tl;dr: In Ubuntu 20.04, folders such as /bin and /sbin are now symlinks to the same folders in /usr. Why was this change made and shouldn't the release notes mention it?

This took a few days, but I tracked down some issues I was having in system setup. As part of a preseed post-install set of commands, I unpack a .tar.gz onto new systems, which puts some files in various folders, including /bin. I've been doing this since Ubuntu 14.04. With Ubuntu 20.04, my systems weren't bootable after install (various failure to mount errors).

I finally narrowed the issue down to this unpacking step, and realized that I'm replacing the /bin folder and making many things inaccessible. What a lovely surprise. The fix is easy enough; dump files in /usr/bin, instead.

Specifically, the following symlinks are new in 20.04, apparently (below via multiple fresh installs):

$ lsb_release -ds
Ubuntu 20.04 LTS
$ ls -l / | grep -E "usr|bin|lib"
lrwxrwxrwx   1 root root     7 Apr 23 15:02 bin -> usr/bin/
lrwxrwxrwx   1 root root     7 Apr 23 15:02 lib -> usr/lib/
lrwxrwxrwx   1 root root     8 Apr 23 15:02 sbin -> usr/sbin/
drwxr-xr-x  11 root root  4096 Apr 23 15:05 usr/

Compare with 19.10 (edit: this system was upgraded from 18.04 I think; whoops):

$ lsb_release -ds
Ubuntu 19.10
$ ls -l / | grep -E "usr|bin|lib"
drwxr-xr-x   2 root root  4096 Dec 11 07:41 bin
drwxr-xr-x  20 root root  4096 Nov  4  2019 lib
drwxr-xr-x   2 root root  4096 Nov  3  2019 lib64
drwxr-xr-x   2 root root 12288 Apr  6 13:29 sbin
drwxr-xr-x  11 root root  4096 Aug  5  2019 usr

Arch does this, apparently starting years ago, and the overall topic is the Filesystem Hierachy Standard . It's not in the release notes: https://wiki.ubuntu.com/FocalFossa/ReleaseNotes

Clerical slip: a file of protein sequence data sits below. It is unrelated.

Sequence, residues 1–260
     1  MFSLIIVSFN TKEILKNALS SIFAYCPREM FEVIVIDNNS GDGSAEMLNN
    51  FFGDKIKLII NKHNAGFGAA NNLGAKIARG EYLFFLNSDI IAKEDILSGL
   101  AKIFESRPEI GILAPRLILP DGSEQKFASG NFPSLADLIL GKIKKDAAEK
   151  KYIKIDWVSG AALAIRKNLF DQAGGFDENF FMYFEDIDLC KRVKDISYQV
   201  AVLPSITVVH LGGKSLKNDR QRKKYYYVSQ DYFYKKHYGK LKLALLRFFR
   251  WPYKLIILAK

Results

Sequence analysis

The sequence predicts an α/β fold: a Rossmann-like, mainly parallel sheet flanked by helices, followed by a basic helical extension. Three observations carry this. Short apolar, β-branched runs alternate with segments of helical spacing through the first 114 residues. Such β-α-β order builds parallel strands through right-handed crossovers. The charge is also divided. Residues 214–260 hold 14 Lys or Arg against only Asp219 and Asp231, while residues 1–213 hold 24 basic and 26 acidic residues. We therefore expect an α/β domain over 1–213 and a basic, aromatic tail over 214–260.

• 1
    Possible duplicate of 2014's unix.stackexchange.com/questions/121235/…. Interestingly, my 20.04 systems (upgraded from 19.10 and earlier) are NOT linked, so the change for new installs might be several releases old.
    – user535733
    May 21, 2020 at 15:34
  • Thanks for the additional link! I would not consider this a duplicate, as there's two unanswered questions here: Why did Ubuntu just now make this change, and why did they not include it in release notes.
    – Gertlex
    May 21, 2020 at 15:39
  • Probably this is the case in fresh installs of LTS version. I have the links in 18.04, in 20.04 but not in an install off 19.04. Just an observation... I only do fresh installs, never release-upgraded.
    – mook765
    May 21, 2020 at 15:49
  • 1
    Right. The hope is that someone who has tracked down e.g. relevant mailing list discussion will use that as an answer.
    – Gertlex
    May 21, 2020 at 16:15
  • 1
    All this is great until someone run dpkg -x file.deb /. Then the system will be ruined almost completely.
    – N0rbert
    Jun 9, 2020 at 7:08

1 Answer 1


I hadn't noticed this change, so I dug into it a little bit. I'm guessing it was not in the release notes because it was really an upstream change in Debian:

This Ubuntu announcement is the only official notification of the change I've seen

Merged-usr is now the default in Disco for new installations only

Some other general info

  • 1
    Good sleuthing! It sounds like this possibly took effect with 19.04, and based on other comments, mayyybe got included in a later point release of 18.04, so could affect fresh installs of that, too.
    – Gertlex
    Jun 9, 2020 at 21:29
  • Thanks for finding this!! I’ll test older Ubuntu from before. With docker you can try this easily. On Ubuntu 18.04 it certainly didn’t have this feature.
    – morhook
    Jun 10, 2020 at 5:48
  • Since 19.04 this feature is enabled on Ubuntu, I've re-checked answer with this command docker run -it ubuntu:19.04 ls -la
    – morhook
    Jun 15, 2020 at 7:46

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